Have Docs, Will TravelA travel agent friend of mine likes to tell us stories of traveling families. They sat in front of her desk and she explained passport requirements.  “Everyone needs a passport. Even the children. It doesn’t matter how old you are, every Canadian traveler needs a passport.”

“Oh yes, we know. Don’t worry” they told her.  Her travel agent senses tingled. They weren’t paying attention, and visions of angry letters from disgruntled travelers danced in her head.  She re-iterated, indicating the children: “If they don’t have passports, you’ll have to get them.”  “Sure, sure” they reassured her. “Everyone, yes.” The papers she would give them  spelled it out again.

And yet, the angry letter she had feared would come, demanding a refund because of the huge expense and inconvenience they had faced at the airport when they showed up at the airport with no passport for their baby.  Once it came in the form of a panicked phone call from the security gate. In each case the choice would be the same: rush downtown and pay the price for an emergency passport, plus the airline change fee and start your vacation two days later; find someone to watch your baby and go without her; or cancel your trip and eat the cost. As my friend puts it: “Insurance doesn’t cover stupid.”

Getting a passport is a hassle, but it is nothing compared to not having one!

The process for applying for a child’s (i.e. under 16 years old) passport is not very different from that of an adult. This information is specific to a Canadian child traveling with both his or her Canadian birth parents. If your situation is different, the forms and requirements may be different, please contact Passport Canada for more information. Keep in mind children traveling with one parent often need permission from the other parent too.

1) Fill out the application form.

To apply for a passport on behalf of a child, you must be the custodial parent or legal guardian.Canadian passport for children

2) Get passport pictures taken. (They come in pairs.)

Not everywhere will take children’s passport photos, because the requirements are strict and it can be difficult to get a child to cooperate (not your angel, other kids!) So call ahead to make sure.  After a lifetime of encouraging your child to smile for the camera, have fun getting a photo with a solemn face, as is required by the government.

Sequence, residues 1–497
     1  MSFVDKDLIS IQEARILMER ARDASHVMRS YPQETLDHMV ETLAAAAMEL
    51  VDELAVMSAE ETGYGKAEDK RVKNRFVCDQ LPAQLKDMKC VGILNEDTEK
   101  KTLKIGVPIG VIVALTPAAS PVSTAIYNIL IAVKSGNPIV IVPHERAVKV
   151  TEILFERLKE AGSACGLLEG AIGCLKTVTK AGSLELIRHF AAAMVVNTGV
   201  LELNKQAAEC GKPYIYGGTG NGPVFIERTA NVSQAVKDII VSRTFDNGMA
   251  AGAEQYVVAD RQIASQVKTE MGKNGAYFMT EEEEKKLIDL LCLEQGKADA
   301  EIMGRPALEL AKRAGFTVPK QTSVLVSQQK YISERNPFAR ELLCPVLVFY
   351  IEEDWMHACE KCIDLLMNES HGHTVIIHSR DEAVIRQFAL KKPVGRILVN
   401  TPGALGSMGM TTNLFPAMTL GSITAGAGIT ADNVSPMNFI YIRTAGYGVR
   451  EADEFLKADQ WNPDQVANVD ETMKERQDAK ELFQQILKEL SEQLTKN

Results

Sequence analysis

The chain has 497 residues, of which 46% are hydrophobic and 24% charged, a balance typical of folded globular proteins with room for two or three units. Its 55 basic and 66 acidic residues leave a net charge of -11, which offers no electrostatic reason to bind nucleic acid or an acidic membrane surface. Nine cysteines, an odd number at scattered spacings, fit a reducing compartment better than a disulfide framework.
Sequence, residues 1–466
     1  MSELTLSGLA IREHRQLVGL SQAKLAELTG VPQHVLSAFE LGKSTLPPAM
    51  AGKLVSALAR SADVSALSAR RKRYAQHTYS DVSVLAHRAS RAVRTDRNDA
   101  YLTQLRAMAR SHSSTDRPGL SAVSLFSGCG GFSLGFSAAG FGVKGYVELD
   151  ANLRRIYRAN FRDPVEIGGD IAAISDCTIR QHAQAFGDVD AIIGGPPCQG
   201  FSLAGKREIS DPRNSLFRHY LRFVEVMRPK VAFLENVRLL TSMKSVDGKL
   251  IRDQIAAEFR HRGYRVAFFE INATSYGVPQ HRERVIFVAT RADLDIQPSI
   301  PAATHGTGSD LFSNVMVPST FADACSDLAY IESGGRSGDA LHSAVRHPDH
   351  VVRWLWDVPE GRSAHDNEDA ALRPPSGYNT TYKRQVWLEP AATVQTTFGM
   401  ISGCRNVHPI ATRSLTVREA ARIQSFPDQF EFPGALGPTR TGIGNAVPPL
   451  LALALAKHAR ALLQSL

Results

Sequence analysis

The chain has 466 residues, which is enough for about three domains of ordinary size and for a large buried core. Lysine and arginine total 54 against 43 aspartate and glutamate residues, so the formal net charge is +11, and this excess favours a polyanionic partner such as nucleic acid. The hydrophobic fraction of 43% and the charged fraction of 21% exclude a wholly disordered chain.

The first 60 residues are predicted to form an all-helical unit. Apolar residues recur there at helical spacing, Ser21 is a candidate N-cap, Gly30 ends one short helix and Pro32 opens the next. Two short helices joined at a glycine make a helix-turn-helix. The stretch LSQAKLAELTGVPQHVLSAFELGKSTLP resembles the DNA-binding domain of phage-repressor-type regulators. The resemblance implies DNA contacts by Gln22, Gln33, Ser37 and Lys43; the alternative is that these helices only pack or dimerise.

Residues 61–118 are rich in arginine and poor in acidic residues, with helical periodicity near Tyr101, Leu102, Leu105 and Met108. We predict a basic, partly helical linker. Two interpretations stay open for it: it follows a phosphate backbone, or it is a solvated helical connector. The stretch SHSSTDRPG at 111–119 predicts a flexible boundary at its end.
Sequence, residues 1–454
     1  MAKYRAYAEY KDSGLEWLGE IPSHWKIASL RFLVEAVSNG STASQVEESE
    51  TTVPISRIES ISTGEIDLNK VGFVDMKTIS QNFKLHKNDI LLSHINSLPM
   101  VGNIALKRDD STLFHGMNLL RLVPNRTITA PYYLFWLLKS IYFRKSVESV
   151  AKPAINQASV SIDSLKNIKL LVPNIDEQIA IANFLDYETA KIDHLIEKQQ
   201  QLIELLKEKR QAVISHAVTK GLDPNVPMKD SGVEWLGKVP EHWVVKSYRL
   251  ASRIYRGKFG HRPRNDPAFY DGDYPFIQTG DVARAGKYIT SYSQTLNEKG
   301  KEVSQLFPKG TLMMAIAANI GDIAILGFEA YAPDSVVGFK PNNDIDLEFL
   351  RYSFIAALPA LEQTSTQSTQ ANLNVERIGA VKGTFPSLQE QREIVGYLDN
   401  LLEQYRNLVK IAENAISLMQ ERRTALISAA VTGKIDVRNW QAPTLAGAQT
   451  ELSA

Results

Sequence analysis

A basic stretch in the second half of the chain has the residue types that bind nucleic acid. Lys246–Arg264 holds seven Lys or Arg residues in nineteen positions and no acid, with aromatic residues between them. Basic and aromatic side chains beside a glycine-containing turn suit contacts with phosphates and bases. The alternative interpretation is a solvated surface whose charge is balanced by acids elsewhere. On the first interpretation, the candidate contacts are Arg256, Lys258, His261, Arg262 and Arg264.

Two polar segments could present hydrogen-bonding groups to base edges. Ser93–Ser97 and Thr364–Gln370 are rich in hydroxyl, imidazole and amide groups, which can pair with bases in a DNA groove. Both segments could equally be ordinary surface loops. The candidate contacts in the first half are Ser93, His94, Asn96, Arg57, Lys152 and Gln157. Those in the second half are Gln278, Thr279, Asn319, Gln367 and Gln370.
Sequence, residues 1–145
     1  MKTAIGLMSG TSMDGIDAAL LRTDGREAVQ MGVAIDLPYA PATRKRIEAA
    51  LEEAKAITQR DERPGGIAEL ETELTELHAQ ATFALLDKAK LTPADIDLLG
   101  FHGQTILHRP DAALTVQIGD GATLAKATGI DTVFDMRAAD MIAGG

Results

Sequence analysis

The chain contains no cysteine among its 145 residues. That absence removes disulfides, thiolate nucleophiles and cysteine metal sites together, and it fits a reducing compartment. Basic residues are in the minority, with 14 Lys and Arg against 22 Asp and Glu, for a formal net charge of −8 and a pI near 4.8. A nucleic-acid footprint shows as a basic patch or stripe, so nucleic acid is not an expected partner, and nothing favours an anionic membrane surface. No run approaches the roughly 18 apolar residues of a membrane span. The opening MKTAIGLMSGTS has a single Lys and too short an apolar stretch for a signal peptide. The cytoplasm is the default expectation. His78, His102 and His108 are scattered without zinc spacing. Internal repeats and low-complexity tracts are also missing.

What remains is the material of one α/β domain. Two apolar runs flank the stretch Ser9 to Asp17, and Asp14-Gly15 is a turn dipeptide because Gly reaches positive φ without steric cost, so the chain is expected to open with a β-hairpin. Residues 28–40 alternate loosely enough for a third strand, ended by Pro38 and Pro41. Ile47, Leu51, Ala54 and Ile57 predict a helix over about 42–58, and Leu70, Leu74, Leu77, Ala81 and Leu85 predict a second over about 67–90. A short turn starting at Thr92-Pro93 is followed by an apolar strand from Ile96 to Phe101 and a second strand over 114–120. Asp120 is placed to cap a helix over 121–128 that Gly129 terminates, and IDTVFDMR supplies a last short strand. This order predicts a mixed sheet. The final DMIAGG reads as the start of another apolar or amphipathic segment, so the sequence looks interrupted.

3) Get a guarantor.

The application form and one of the photos must be signed by a guarantor. This person must meet certain requirements, including having known the child for a minimum of two years. If your little one hasn’t been alive that long, the guarantor needs to have known you or the child’s other parent that long.

4) Find your child’s birth certificate.

Hopefully you have the long form version that names both parents. This can act as both the proof of citizenship and proof of parentage that are required. You need to give them the original, but they will give it back. Don’t have the long form birth certificate? The government website spells out what you will need for proof of citizenship and proof of parentage.

5) Bundle it up with any other applicable documentation

Namely:  “Any valid Canadian passport or travel document issued in the name of a child; Proof of legal guardianship, if applicable; and All documents that refer to custody of, mobility of, or access to the child.”

6) Take it down to the local passport agency, or send it to Passport Canada.

If you are sending it, it is a good idea to send it registered mail or by courier.

7) Get your credit card ready.

They also accept debit (in person only), certified cheque or money order. $57 plus extra fees if you require expedited service.

Once the passport comes in, have your child sign the signature block only if he is over 11 and a signature appears on page two of the passport. If he is younger, and /or there is no signature on the second page, leave it blank. The passport will be valid up to five years, depending on how old your child is now.

That’s it, you’re done! Nothing left to do but pack!

This information was correct and current as of the writing (November 2014), but things change, so please be sure to check with Passport Canada!